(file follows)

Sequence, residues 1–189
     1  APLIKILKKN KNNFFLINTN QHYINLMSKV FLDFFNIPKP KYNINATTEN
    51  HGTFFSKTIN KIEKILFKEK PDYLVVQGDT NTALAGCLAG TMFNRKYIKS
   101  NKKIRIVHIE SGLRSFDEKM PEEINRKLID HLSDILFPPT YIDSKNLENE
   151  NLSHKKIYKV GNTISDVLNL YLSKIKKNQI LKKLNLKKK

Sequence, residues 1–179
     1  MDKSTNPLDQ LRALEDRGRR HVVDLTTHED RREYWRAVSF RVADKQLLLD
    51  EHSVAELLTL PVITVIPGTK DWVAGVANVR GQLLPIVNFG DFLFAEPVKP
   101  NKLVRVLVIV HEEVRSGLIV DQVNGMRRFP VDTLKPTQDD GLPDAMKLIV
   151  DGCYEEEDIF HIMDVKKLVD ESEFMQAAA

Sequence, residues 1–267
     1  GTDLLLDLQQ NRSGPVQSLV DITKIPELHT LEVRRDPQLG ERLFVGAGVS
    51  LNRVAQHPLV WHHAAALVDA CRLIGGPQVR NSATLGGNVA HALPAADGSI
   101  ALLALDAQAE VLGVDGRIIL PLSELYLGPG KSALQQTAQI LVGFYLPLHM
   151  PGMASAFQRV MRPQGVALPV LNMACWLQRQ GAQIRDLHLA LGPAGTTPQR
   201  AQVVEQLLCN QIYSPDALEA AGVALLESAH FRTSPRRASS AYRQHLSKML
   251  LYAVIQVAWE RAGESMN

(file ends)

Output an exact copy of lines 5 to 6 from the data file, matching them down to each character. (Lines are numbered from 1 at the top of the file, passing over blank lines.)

   151  NLSHKKIYKV GNTISDVLNL YLSKIKKNQI LKKLNLKKK

Sequence, residues 1–179